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Poor Little Rebel Girl
Writing Flash Fiction
Stephen King says:
These days it seems everything wants to be a novel, and every novel wants to be approximately four thousand pages long. A fair number of critics have mentioned this, and usually not favourably…I have been accused of overwriting. In some cases the criticisms have merit; In others they are just the ill-tempered yappings of men and women who have accepted the literary anorexia of the last thirty years with a puzzling lack of discussion and consent.
Stephen King taken from the introduction to Nightmares & Dreamscapes
Writing Flash Fiction...Not as Easy as You Think
Many people think that writing a flash fiction (or micro fiction, or a short, short story…) must be easy. After all, they are short. The clue is in the name, isn’t it?
Of course, the reality could not be further from the truth. The very fact that it is short is what makes flash fiction such a difficult format to do well. When you reduce the amount of words it means that the story has to be tight. Every sentence, every syllable, has to justify itself. When you are writing longer formats you might get away with a misplaced line, or maybe even a pointless paragraph. Over writing can sometimes be forgiven. That has even more truth when you are firmly established as a writer. Stephen King himself acknowledged that SOME of the accusations of over-writing thrown at him over the years have been fair, and more so once his selling power outstripped the nerve of editors.
In flash fiction there is nowhere to hide. The literary anorexia that King is talking of absolutely has its home in flash fiction. When you only have a few hundred words (in the fiction below I allowed myself the luxury of two hundred and fifty words) you cannot waste fifty words describing a sunset. Unless, of course, it is absolutely germane to the story you are telling.
Stephen King...What He Looks Like
David Bowie - Rebel Rebel Original Video
Writing The Flash
The short story below started off as a little bit of a dig at people being a fashionable rebel, that is, being a rebel for popularity, after I heard the David Bowie song Rebel, Rebel on the radio. Youth culture has always had an element of rebellion, and there have always been people who follow the fashions. Who can ever forget the way the punk movement was subverted by the catch (and enjoyable) punk-pop of Green Day.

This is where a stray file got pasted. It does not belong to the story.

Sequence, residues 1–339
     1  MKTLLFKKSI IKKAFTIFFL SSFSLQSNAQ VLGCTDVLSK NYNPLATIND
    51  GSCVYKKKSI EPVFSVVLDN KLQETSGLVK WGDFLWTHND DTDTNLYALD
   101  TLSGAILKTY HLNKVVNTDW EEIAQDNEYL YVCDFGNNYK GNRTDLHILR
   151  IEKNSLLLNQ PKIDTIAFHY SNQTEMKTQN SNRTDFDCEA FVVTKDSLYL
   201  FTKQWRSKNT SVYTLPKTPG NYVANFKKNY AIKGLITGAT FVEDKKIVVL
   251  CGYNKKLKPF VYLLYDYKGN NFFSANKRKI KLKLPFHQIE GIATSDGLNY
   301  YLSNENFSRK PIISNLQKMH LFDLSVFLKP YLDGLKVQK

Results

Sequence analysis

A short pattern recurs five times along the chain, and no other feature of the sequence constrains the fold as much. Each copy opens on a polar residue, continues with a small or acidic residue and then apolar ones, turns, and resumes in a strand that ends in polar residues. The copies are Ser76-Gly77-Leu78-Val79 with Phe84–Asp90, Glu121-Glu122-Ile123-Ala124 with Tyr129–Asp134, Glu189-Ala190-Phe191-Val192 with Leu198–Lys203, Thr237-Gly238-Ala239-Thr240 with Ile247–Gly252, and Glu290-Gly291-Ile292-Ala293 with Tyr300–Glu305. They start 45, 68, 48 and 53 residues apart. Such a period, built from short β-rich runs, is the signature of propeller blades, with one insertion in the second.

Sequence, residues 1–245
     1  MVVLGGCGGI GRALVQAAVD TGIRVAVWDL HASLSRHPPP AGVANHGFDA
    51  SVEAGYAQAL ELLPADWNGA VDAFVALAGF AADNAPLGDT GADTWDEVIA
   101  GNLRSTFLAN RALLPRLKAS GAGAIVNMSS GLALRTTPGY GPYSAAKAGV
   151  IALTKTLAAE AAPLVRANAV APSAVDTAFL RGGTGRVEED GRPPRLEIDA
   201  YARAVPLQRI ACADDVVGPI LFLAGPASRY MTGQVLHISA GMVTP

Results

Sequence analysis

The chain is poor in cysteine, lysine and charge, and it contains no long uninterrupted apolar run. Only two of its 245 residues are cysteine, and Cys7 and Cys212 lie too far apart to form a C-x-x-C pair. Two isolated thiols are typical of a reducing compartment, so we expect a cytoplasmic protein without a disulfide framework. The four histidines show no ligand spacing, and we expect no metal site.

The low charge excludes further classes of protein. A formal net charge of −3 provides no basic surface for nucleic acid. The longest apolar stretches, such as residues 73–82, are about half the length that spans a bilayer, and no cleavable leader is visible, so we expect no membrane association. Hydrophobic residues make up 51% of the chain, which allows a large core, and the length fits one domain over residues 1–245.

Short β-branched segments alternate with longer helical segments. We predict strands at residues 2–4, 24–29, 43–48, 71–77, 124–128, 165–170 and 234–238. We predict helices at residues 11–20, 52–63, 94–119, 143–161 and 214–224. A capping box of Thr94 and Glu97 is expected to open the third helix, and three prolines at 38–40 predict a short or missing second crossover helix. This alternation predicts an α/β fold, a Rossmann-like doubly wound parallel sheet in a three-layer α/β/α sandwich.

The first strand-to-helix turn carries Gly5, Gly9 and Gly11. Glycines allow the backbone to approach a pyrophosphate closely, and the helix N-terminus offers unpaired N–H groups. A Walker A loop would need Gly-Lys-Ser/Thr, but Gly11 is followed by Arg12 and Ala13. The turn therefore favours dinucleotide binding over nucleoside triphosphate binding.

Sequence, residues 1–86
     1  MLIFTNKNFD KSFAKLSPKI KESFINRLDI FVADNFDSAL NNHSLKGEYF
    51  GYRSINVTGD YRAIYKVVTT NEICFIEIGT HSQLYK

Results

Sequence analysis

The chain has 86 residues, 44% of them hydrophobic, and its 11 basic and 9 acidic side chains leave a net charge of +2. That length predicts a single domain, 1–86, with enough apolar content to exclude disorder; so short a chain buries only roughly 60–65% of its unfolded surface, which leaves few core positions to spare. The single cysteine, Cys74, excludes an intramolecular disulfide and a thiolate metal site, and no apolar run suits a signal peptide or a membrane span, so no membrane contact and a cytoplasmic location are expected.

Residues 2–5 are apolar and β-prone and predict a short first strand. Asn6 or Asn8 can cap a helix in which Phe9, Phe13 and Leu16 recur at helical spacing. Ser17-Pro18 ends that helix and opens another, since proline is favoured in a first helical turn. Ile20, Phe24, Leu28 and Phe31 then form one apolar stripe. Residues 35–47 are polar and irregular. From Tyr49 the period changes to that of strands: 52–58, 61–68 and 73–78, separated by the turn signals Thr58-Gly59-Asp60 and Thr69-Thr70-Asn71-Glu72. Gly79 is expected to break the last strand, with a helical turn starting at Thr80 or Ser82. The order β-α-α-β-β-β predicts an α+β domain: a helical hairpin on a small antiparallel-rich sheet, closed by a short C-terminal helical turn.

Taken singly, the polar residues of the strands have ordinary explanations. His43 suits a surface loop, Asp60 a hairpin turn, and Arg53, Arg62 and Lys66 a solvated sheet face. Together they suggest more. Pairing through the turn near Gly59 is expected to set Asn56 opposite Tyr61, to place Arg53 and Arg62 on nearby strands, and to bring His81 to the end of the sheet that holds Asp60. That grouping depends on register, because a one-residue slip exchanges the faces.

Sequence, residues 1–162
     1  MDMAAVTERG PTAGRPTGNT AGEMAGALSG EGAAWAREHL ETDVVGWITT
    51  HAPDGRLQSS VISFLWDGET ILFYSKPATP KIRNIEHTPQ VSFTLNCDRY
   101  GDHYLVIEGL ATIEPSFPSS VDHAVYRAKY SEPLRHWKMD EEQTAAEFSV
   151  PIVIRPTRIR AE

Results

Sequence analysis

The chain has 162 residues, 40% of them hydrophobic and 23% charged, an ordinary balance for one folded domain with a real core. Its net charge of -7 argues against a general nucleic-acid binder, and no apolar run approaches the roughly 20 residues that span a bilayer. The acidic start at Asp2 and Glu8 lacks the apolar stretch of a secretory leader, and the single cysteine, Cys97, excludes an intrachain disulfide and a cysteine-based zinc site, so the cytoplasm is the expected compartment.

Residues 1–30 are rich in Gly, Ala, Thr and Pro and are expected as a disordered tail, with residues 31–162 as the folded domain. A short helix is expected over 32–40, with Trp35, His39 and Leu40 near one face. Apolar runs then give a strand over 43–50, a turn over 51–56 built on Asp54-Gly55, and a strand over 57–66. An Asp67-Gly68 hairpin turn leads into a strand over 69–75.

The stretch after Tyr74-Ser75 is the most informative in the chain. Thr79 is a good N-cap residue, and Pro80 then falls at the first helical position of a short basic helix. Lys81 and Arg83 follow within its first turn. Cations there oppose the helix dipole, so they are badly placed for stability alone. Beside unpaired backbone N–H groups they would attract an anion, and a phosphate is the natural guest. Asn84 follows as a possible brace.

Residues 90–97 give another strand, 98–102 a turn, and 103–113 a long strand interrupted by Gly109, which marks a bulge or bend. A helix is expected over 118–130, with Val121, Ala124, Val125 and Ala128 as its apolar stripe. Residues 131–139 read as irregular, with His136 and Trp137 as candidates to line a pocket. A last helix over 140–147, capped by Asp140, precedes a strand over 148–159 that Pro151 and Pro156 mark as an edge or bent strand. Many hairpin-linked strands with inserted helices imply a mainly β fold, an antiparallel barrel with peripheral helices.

My motivation for writing the story changed when I thought about the life of my character, and I realised that her motivations for rebelling were central to her life, not some fad, and the story evolved to become an exploration of those reasons.
I set myself the goal of writing a full story with the complexities of a novel and compressing it into a flash fiction (I was not as ambitious as Ernest Hemingway when he wrote a six word flash which can be seen in my earlier Hub about flash fiction), but I managed after many longs hours of work, and many, many redrafts, to compress the story down while still keeping it readable and, hopefully, engaging to readers.
I strongly suspect I still haven’t finished with this story yet. There is still room to tighten the story and polish it until it gleams (although I think it needs to keep a few jagged edges – read it and I think you will see why).
So without further ado, may I present to you Poor Little Rebel Girl, a flash fiction by me.
Poor Little Rebel Girl
It could have been different if he had wanted to really look each time he delivered a fresh pile of ever darker clothes into his daughters’ room.
A square of old pink paint stands out on the black walls where a picture has been knocked off. He still sees posters of the latest boy-band hanging on the walls, the dark depths of which still give off a faint solvent air, but which are now covered by scenes from old slasher films. A lone shelf is filled with half torn books and a grubby stuffed bear smeared in mascara. The broken frame lies in a heap by the door, propped up by heavily scuffed boots and last week’s discarded clothes.
He places the clean clothes onto the one clear space available. Only a small pile of rust-edged broken glass, meticulously gathered from the fallen frame, sullies the otherwise barren desk.
He pauses before leaving to tidy the bed and disturbs a photo that lies under the stale, flat pillow. He picks it up and remembers when it was taken; his wife and daughter laughing as they blew out the all the candles on their last joint birthday cake. Their daughter was wearing a bright red bandana to copy her mother. His wife’s honest smile was already wilting.
He places the picture back under the pillow, careful not to crush it on the studded collar and chain that he doesn’t see, and quietly leaves the room.